At that point, the conversation – naturally enough – took a technical turn. The talk had to do with strands, and surveyors, and wrongly positioned beacons, and surveyors, and rails, and the wire snapping and cutting Koos Nienaber’s chin open in rebounding, and gauges, and five-barb wires, and the language Koos Nienaber had used afterwards, speaking with difficulty because of all that sticking plaster on his chin.


‘And so the surveyor said to me,’ Chris Welman was declaring, about half an hour later, ‘that if I didn’t believe him about that spruit not coming on my side of the boundary, then I could check through his figures myself. There were only eight pages of figures, he said, and those very small figures on some of the pages, that didn’t look too clear, he would go over, in ink, for me,’ he said.

‘And he would also lend me a book that was all just figures that would explain to me what the figures he had written down meant. And when I said that, since my grandfather’s time, that spruit had been used on our farm, and that we used to get water there, the surveyor just smiled, like he was superior to my grandfather. And he said he couldn’t understand it. On the other side of the bult, in a straight line, that spruit was a long way outside of our farm.’

‘What the other surveyor, many years ago, had been up to, he just couldn’t make out, he said. With all his books of figures, he said, he just couldn’t figure that one out. Well, naturally I couldn’t go and tell him, of course. Although it’s something we all know in the family.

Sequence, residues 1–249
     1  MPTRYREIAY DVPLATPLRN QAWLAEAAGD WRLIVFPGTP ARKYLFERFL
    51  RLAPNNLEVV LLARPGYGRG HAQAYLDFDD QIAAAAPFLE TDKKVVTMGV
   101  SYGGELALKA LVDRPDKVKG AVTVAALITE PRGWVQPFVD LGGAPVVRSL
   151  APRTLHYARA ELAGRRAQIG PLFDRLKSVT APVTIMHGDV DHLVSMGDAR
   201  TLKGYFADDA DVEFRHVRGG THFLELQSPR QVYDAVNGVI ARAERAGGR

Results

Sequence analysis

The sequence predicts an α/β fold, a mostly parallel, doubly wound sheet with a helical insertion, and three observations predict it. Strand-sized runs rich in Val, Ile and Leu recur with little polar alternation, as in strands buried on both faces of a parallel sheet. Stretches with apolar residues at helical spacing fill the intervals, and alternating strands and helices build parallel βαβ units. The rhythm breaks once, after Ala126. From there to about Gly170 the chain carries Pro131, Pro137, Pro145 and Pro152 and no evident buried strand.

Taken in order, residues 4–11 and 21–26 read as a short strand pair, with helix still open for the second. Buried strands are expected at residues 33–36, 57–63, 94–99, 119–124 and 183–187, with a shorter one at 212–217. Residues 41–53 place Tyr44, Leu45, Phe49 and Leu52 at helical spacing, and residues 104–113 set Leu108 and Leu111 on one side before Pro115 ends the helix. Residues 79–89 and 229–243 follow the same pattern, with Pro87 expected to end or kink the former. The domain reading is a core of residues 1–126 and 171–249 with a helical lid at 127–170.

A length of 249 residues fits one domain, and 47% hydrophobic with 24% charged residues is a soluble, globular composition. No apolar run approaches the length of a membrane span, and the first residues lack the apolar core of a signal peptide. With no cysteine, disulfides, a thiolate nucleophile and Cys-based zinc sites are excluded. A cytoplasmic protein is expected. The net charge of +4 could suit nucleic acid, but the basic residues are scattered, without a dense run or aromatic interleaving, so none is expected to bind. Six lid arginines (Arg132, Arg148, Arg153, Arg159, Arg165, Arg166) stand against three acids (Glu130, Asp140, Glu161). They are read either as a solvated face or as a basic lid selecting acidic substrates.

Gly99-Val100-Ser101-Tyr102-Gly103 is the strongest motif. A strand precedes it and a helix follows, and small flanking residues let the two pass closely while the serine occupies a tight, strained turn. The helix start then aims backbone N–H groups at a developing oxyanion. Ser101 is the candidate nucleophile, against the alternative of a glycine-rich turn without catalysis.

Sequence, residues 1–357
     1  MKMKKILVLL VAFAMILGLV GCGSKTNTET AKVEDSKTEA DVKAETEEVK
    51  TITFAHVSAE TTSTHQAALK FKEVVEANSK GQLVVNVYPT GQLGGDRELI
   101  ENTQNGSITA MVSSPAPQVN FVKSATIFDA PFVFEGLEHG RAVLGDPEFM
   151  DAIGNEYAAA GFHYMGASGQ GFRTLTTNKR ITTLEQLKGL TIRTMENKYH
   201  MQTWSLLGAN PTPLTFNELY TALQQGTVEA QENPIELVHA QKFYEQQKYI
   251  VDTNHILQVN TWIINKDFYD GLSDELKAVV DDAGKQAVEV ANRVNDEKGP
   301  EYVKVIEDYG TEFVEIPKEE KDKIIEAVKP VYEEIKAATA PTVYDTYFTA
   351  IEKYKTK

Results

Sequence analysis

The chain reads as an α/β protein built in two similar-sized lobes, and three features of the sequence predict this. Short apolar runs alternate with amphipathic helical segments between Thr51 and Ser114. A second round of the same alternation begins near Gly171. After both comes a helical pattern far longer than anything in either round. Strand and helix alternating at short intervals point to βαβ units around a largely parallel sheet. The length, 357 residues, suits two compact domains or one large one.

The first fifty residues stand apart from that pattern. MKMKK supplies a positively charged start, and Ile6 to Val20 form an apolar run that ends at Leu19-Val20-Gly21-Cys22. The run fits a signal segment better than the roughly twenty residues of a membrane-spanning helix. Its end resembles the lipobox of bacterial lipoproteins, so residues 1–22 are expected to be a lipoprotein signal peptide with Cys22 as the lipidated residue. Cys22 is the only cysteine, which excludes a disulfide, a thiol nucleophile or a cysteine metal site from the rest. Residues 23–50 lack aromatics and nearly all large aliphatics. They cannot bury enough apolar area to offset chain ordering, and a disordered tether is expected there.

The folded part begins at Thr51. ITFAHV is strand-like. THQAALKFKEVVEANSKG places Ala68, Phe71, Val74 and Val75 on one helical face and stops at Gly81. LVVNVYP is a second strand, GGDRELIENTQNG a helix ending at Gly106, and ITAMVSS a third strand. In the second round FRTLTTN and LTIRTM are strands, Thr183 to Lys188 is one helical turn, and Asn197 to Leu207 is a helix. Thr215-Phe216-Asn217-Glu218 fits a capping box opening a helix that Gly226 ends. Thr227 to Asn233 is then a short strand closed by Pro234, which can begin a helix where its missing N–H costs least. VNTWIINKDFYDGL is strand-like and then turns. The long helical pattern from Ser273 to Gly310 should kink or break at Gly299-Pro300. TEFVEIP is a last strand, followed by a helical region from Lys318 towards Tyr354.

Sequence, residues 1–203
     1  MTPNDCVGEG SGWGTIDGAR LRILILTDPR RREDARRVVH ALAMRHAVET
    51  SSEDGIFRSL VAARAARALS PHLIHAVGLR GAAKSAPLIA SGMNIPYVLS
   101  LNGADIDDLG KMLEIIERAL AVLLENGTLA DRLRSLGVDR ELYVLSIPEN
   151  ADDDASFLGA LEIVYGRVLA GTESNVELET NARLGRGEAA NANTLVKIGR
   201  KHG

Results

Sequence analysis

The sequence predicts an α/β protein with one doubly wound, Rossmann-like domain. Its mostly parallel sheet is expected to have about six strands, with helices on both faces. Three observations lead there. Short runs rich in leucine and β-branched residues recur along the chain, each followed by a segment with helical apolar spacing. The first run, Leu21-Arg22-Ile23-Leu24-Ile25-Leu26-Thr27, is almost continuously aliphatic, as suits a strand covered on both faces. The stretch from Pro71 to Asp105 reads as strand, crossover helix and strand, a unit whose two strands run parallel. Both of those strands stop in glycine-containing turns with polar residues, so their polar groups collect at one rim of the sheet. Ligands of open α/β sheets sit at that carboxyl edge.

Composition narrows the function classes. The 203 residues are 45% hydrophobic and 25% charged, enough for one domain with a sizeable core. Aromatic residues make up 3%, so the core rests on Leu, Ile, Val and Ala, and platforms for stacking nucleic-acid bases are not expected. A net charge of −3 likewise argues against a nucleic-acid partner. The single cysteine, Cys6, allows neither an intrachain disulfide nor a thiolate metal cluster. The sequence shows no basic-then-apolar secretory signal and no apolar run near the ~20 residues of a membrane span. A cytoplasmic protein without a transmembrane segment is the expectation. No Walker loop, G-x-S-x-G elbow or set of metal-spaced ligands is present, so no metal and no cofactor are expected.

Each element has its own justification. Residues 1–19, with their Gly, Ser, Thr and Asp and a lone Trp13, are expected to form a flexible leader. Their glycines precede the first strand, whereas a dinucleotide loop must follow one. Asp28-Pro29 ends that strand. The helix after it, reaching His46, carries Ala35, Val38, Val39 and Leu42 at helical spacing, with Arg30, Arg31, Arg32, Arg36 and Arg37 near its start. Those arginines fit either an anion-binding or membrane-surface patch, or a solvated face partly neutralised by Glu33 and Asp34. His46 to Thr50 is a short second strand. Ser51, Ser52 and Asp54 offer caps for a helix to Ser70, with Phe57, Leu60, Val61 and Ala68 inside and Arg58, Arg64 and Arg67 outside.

‘Because my grandfather had had the same kind of trouble, in his time, with a surveyor, more years ago than I can remember. And when my grandfather said to the surveyor: “How do you know that the line you marked out on the other side of the bult is in a straight line from here? Can you see through the bult – a bult about fifty paces high, and half a mile over it?” The surveyor had to admit, of course, that no man could see through a bult. And the land surveyor felt very ashamed of himself, then, for being so ignorant. And he changed the plan, just like my grandfather had asked him to do.

And the funny part of it is that my grandfather had no knowledge of figures. Indeed, I don’t think my grandfather could even read figures. All my grandfather had, while he was talking to the land surveyor, was a shotgun, one barrel smooth and the other choke. And the barrels were sawn off quite short. And they say that when he went away from our farm – my grandfather having proved to him just where he had gone wrong in his figures – he was the politest surveyor that had ever come to this part of the Dwarsberge.’

There would, he said, then, unquestionably be a good deal of that same sort of element in the erection of the boundary between the Bechuanaland Protectorate and the Transvaal.

More than one land surveyor would, as likely as not, raise his eyebrows, we said. Or he would take a silk handkerchief out of his pocket and start dusting his theodolite, saying to himself that he shouldn’t, in the first place, have entrusted so delicate an instrument to a raw Mchopi porter, smelling of home-brewed beer.

In the delimiting of the Transvaal-Bechuanaland Protectorate border, we could foresee quite a lot of trouble sticking out, for quite a number of people.